“Afrofuturism is a cultural aesthetic that combines science-fiction, history and fantasy to explore the African-American experience and aims to connect those from the black diaspora with their forgotten African ancestry,”
This is the definition given by the Tate Gallery’s glossary, but it only begins to scratch the surface. For celebrated artist Elia Alba, the work of futurism is not just about connecting black people to black art and black history, in a way that is isolated from mainstream content. Instead, as is explored in her recent set of works, it is the effort to place black creativity at the heart of archetypes in fashion, design, art and literature. Simply put, the Afrofuturist takes their seat at the table in her series, entitled The Supper Club.
In an interview with Artsy, Alba explains her journey between making art, and the experience of sitting down with her subjects to unpack the issues. Over a series of supper club evenings, she did just that, teasing out the complexities of race, intersectionality and the experience of living in America. Her experiences served to shift her perspective.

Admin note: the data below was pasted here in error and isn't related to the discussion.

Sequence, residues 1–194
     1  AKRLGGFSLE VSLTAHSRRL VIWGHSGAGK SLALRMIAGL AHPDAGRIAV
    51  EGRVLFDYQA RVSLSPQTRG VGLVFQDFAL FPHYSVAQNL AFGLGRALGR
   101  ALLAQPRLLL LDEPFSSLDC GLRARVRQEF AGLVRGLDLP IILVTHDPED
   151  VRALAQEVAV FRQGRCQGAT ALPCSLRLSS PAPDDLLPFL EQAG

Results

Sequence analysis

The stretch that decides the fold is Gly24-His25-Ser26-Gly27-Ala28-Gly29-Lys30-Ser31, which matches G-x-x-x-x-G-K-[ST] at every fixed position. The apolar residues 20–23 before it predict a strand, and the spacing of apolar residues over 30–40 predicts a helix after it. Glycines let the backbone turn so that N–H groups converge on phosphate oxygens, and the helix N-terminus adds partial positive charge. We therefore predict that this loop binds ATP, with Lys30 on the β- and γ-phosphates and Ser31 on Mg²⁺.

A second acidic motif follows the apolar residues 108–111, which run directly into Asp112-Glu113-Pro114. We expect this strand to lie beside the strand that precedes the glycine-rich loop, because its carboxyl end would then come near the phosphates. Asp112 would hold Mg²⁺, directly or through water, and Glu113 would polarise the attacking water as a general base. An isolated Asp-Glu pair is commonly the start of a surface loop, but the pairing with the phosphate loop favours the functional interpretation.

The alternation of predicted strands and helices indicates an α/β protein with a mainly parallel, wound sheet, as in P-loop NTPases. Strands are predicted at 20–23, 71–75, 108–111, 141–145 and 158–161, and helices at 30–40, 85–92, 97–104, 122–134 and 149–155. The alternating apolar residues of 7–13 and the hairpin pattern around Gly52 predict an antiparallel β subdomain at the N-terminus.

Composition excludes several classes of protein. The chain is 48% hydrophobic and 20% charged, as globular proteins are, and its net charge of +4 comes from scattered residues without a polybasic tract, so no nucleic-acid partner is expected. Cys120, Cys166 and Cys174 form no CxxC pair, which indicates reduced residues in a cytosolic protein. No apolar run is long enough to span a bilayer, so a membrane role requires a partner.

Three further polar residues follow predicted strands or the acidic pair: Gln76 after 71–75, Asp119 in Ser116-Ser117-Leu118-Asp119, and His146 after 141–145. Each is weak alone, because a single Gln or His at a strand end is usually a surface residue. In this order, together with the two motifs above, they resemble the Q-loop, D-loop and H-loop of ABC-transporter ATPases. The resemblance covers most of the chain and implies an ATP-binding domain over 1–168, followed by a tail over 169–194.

“As artists, we do need to be more sensitive, because we’re putting stuff out into the world. I feel like I was very naïve for a while. Now, to use the contemporary language, I’m woke,” says Alba.
The works, which bring together photography, make up artistry, visual storytelling – depict various leaders in black creativity as new icons. Instead of the generic white man on horse = gentleman trop, Alba uses different successful people of colour to fully embody archetypes like “The Professor,” “The Dreamweaver” and true to her Afro-Latino heritage, “The Orisha.”
For over half a decade, Alba has engaged in various dinners, discussions and digital works which have tried to uncover the place of black (broadly speaking) creativity in a world which is still hugely unconcerned with black voices. And while the scene of work on representation is extremely littered (and rightly so), Alba’s bold, brash approach is out of this world.
Bursting with colour, rich black symbolism and all the marks of an experienced artist, her work is equal parts intelligent and elegant, poignant and easily accessible. Included are the works are graphic artist Chitra Ganesh (depicted as an alienesque David Bowie, complete with a huge bindi), Jacolby Satterwhite, Simone Leigh and Abigail De Ville, to name just a few. And while the famous faces bring their own magic to the work, the intentions are clear.
“It’s about reimagining icons and perceptions of what is beautiful—and who is beautiful.”